A fingerprint scanner system implemented earlier this year to limit the sale of regulated products has been extended to include all products, El Nacional reports. When the system was initially unveiled last August, Minister of Nutrition Carlos Osorio was adamant that it would only restrict the sale of 23 basic necessities.

So far, ten supermarket chains have been networked into the scanner network: PDVAL, Mercal, Bicentenario, Makro, Excelsior Gamma, Unicasa, Plaza’s, Luvebras, Farmatodo and Locatel.

The fingerprint scanners are installed at cash registers in public and private supermarkets around the country. Prior to making the transaction, the customer must have their fingerprint scanned by one of the devices. The scanner confirms the customer’s identity with the fingerprint database at the National Electoral Council (CNE).

Tomas Socias, an analyst at the Camara Venezolana de Alimentos [Venezuelan Chamber of Food], summarized the purpose of the scanners:

They know who bought what how many times, so they can determine who is bachaqueando [buying food to re-sell on the street at a premium].

The Centro de Documentacion y Analisis para los Trabajadores [Centre for Documentation and Analysis for Workers] (CENDAS) calculated that the average price for a regulated item on the street was 683.96% more expensive than the regulated price at which they’re found in supermarkets.

Identity verification through the fingerprint scanner can take anywhere between two to ten minutes, a technical issue that is causing delays and causing friction at cash registers.

On top of this restriction, Venezuelans are also not allowed to shop for regulated products unless the day of the week corresponds with the last number of their national I.D. card.

Guyana, Venezuela to Exchange Ambassadors Again

Maduro met Guyanese President David Granger last night in UN Secretary General Ban Ki-moon’s office to discuss the Essequibo territorial dispute.

At the end of the meeting, Maduro announced that the two countries would exchange ambassadors again, and that a United Nations commission would arrive in Venezuela in the next few days to assess the situation from the ground.

Maduro called the meeting “complex, tense and difficult”. Just days ago, Granger explained that his country was not at all interested in any kind of solution to the issue, since as far as they are concerned the issue was resolved long ago.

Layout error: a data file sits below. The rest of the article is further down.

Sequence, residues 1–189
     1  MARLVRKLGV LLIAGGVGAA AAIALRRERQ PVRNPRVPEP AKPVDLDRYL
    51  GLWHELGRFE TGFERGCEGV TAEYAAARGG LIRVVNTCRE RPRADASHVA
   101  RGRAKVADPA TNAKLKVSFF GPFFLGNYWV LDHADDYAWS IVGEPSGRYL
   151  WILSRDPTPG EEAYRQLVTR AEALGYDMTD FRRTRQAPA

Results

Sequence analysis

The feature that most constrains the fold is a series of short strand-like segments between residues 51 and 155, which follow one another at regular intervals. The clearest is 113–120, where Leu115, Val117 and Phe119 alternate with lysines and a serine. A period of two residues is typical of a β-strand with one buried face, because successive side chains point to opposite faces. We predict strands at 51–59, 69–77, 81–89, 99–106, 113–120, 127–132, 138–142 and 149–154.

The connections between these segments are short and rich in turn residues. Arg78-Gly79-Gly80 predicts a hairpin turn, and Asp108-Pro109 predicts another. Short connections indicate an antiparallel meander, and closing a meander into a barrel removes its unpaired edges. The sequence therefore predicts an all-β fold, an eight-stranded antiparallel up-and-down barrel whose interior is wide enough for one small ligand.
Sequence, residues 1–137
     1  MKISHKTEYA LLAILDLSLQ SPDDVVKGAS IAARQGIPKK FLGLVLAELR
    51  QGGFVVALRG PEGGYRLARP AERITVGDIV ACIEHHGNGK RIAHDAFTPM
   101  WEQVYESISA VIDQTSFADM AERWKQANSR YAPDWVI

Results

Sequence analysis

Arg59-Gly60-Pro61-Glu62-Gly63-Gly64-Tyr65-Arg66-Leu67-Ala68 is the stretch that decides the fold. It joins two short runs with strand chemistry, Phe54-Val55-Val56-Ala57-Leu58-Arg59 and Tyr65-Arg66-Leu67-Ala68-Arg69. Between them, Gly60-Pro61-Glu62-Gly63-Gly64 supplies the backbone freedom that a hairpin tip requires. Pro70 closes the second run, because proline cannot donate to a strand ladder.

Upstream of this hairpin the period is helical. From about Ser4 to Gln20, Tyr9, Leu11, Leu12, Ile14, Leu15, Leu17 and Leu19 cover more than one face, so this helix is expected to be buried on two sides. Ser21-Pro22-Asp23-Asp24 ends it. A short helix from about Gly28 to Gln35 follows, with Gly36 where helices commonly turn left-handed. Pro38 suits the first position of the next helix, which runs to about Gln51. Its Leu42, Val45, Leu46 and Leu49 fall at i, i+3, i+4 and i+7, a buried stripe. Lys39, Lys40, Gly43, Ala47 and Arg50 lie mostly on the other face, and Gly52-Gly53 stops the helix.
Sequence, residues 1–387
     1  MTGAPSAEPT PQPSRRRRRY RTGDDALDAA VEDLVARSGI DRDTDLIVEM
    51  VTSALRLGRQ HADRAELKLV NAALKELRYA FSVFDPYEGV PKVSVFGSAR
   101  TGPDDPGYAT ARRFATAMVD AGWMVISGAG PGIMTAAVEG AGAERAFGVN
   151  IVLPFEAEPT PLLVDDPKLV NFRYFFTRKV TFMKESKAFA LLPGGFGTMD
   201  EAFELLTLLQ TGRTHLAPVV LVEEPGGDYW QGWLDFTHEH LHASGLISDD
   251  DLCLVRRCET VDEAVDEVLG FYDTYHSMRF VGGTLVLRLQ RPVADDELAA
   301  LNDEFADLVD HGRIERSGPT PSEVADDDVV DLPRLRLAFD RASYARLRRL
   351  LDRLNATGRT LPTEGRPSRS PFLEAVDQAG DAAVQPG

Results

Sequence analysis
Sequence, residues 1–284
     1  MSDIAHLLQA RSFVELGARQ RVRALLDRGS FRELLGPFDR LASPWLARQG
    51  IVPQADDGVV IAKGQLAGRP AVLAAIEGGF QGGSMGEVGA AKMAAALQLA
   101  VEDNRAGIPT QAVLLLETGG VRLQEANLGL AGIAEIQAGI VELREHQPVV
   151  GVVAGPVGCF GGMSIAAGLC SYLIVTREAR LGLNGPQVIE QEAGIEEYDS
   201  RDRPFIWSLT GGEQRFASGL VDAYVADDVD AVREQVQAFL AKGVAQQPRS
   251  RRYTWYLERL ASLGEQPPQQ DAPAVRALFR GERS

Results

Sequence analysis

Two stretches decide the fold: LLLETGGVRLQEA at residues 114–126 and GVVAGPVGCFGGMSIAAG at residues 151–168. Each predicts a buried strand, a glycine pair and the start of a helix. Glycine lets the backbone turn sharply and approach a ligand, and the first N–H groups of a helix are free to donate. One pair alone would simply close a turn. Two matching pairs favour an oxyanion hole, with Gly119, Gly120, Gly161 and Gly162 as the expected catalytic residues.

Below, an image of the post-meeting handshake. From left to right: Maduro, Ban Ki-moon, Granger:

Maduro Confirms Timochenko Ride

Days after Venezuelan media discovered that FARC leader Rodrigo “Timochenko” Echeverri traveled to a meeting in Cuba aboard a PDVSA airplane, Maduro confirmed the fact. Yesterday, when asked by Noticias Caracol about the incident, Maduro simply said:

Of course, we moved him there.

When asked to confirm rumours that Timochenko was living in hiding in Venezuela, Maduro said:

He’s where he needs to be.

Colombian Press: Downed Su-30 Was Escorting Timochenko

Noticias RCN, a Colombian press outlet, reported today that an Su-30 jet fighter that crashed in Apure state on September 17 had been on a mission to escort the plane carrying Rodrigo “Timochenko” Echeverri, the head of the FARC.

According to the outlet, the plane carrying Timochenko – the same B-1900 with the YV-2869 registration number that later took him to Cuba – took off form an airfield in La Muralla, Apure state at around 8:00 PM on September 17. Former Interior Minister Ramon Chacin and Guarico state governor Rodrigo Londoño were also on board. (EDIT: I confused some of the names here. There were two people aboard the airplane: 1) Guarico state governor Ramon Rodriguez Chacin and 2) Timochenko).

At the same time, two Su-30 fighter jets from the Grupo Aereo de Caza Numero 11 took off from the Manuel Rios military base in Guarico state. The two jets were tasked with escorting the plane carrying Timochenko to Havana, Cuba.

For reasons that are still unknown, one of the Su-30 aircraft crashed, killing both pilots. The crash was reported by the other Su-30 at 9:07 PM. At that time, Chacin ordered the trip to Havana aborted, since it was feared at the time that hostile action had brought down the escort airplane.

Timochenko ended up flying to Havana on September 24.

Capriles Wonder Where Grenades Are Coming From

Following a string of five grenade attacks against police buildings this past weekend, Miranda state governor Henrique Capriles called on Minister of Defense Vladimir Padrino Lopez to explain how the armaments had slipped into the hands of civilians.

Capriles said:

We have to ask the Minister of Defense how a grenade makes it out onto the streets. Grenades should be exclusively in the hands of the Armed Forces. This gentleman must explain why these grenades were in those peoples’ hands.

He also criticized the disarmament of police services in his state, saying:

Here in Miranda, our police services had 3,000 regulation firearms taken away from them. How can officers defend themselves when someone throws a grenade at them?

Capriles also condemned the attacks, saying:

We have to condemn these types of acts, and we have to demand that institutions like the CICPC [the investigative policy body] and the Attorney General make sure these events don’t go unpunished. We hope that this isn’t part of a political plan to affect the December 6 elections.

Questions/Comments? E-mail me: invenezuelablog@gmail.com

One thought on “09.28.15: Fingerprints

  1. Pingback: 10.06.15: Marriage of Convenience | In Venezuela

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